Save Your Shoulder with Six Self-Care Strategies

Save Your Shoulder with Six Self-Care Strategies

As the world battles the Covid-19 Pandemic and the quarantine and self-isolation that follows, we’ve got a choice of how to spend our abundance of alone time. Hopefully your physical activity hasn’t been limited to traipsing back and forth to the fridge in between episodes of the Tiger King. Social media has been flooded with all types of creative at-home workout ideas. General fitness and physical activity is essential at a time like this, but it’s also a great opportunity to rehabilitate any lingering injuries or pre-habilitate by addressing structural imbalances.

Like many tennis players, I’ve struggled with shoulder injuries throughout my life. My shoulder issues mostly stem from repetitive overhead serving. The overhead service motion is not a natural motion. It’s especially unnatural to repeat this movement thousands upon thousands of times. At minimum, repetitive overhead serving can lead to an unstable, achy, or sore shoulder. In the event of a more serious injury, tennis players can miss weeks or months of practice and play. More serious injuries like rotator cuff tendinitis, shoulder impingement, labral tears, or rotator cuff tears require extensive physical therapy or possibly even surgery.

I’ve been able to manage my maladies using many aspects of the program below. It’s ideal to pre-habilitate before it ever becomes an issue—most shoulder injuries can be prevented with a proper injury prevention program in place. Here’s how you can Save Your Shoulder with Six Self-Care Strategies:


The shoulder’s internal rotators help accelerate the racquet head on the serve, and external rotators help decelerate it. To maintain a healthy shoulder, specific exercises need to be performed to target the muscles of the rotator cuff. Here are two exercises that target those muscles:


Due to their role in accelerating the racquet head on the serve, a tennis player’s internal rotators are typically stronger—and tighter—than their antagonists. It’s important to maintain a healthy range of motion by stretching the internal rotators. Keeping the internal rotators loose will help prevent common injuries like impingement or tendinitis. Here’s a short video that helps improve internal rotation flexibility:


A healthy, stable shoulder should have a 2:1 ratio of humerus to scapula movement. If the scapula lacks mobility, this will put unnecessary strain on the rotator cuff. Improving the strength of the muscles that move the shoulder blade can help mobilize it. Here are four exercises that help improve scapular mobility:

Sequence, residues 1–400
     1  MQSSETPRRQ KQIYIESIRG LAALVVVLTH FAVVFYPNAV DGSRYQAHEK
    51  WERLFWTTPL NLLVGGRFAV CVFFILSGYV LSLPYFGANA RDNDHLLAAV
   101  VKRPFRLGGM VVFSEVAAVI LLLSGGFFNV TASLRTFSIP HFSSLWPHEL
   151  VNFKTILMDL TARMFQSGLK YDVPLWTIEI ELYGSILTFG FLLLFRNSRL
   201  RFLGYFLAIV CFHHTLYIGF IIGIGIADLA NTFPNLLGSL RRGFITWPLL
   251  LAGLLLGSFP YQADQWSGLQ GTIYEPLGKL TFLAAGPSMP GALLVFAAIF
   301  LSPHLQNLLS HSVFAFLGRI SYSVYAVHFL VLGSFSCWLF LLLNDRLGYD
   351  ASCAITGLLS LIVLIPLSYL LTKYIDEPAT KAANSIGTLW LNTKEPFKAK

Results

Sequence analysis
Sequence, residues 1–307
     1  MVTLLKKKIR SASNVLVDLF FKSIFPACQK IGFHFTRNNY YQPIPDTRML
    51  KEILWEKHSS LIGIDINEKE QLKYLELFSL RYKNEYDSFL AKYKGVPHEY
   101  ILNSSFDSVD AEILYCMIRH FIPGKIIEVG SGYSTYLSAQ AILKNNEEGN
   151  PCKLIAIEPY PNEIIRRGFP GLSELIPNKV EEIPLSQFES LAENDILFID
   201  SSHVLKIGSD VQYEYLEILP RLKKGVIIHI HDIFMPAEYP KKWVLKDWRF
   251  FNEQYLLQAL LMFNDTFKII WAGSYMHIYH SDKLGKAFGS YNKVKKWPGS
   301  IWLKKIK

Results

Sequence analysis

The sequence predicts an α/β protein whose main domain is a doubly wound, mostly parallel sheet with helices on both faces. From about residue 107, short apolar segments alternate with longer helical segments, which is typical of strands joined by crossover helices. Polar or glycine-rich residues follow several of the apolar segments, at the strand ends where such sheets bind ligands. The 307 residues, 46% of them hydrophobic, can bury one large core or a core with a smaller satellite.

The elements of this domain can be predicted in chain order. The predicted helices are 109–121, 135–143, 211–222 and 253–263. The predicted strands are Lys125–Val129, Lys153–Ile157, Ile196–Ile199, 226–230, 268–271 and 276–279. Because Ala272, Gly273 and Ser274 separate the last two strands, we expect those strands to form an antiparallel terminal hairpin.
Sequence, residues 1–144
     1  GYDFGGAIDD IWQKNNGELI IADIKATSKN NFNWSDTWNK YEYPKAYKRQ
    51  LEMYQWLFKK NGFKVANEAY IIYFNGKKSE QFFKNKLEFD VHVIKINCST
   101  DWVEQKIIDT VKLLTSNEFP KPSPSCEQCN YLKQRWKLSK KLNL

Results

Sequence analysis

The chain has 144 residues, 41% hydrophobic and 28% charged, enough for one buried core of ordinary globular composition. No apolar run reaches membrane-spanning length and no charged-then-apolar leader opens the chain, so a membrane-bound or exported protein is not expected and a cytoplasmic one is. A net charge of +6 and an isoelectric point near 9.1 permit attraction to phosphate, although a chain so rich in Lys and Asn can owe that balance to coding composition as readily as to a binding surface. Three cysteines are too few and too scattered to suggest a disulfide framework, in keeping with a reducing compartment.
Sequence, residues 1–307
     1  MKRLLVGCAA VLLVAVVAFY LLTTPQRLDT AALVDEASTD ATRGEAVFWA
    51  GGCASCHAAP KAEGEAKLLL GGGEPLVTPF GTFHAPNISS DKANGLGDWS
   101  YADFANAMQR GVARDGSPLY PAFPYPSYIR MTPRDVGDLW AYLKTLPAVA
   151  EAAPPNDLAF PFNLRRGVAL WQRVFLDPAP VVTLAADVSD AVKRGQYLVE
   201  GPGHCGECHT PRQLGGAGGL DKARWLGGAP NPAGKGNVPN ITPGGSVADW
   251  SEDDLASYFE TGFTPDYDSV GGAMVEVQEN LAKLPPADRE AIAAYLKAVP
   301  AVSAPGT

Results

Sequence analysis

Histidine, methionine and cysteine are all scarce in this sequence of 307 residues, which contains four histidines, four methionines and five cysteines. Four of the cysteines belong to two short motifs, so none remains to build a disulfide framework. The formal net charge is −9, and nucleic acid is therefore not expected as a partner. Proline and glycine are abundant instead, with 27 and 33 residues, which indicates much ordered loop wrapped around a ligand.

Scapula Push Ups

Scapula Pullups




Pec major and minor are primary movers on the serve, forehand, and forehand volley. Gravity doesn’t help much either—as it is constantly pulling our shoulders forward and down. The compounding effect of tennis and gravity leads to rounded shoulder posture for many tennis players. Improper posture will strain the tendons and ligaments of the shoulder. Below is an illustration of how to stretch out your chest:

How to Save Your Shoulder with Six Self-Care Strategies


Back muscles are notoriously neglected across all populations because they aren’t the muscles we see in the mirror. Stretching the muscles of the anterior chain can help correct postural imbalances, but to maintain this posture, one must strengthen the muscles of the posterior chain. Lats, rhomboids, and posterior deltoids all need to be targeted with a strength training program. Due to left-right imbalances found in tennis players, you’ll benefit from performing exercises unilaterally when possible. Here’s a list of three essential exercises for your posterior chain:

Single Arm Dumbbell Row

Single Arm Lat Pull Down

Dumbbell Reverse Fly


Spare the oils and candles—but a little ambient music is OK—if you’re into that kinda thing.

The self-massage business is booming—you can find all types of gadgets and gizmos for sale online. All of these different products are designed to accomplish the same goal: to loosen up the body’s fascia. Fascia is the thin connective tissue that covers all the muscles of the body. With activity, this connective tissue can get tight and increase pressure on joints. Myofascial release is most helpful after a practice or workout to help aid in recovery.

Here’s a great video tutorial of how to use a lacrosse ball to help release the fascia surrounding the shoulder:

I hope these strategies help to keep those shoulders healthy for when we can all get back to playing the sport that we love. If you have any questions or comments, please don’t hesitate to contact us. Stay healthy, my friends.

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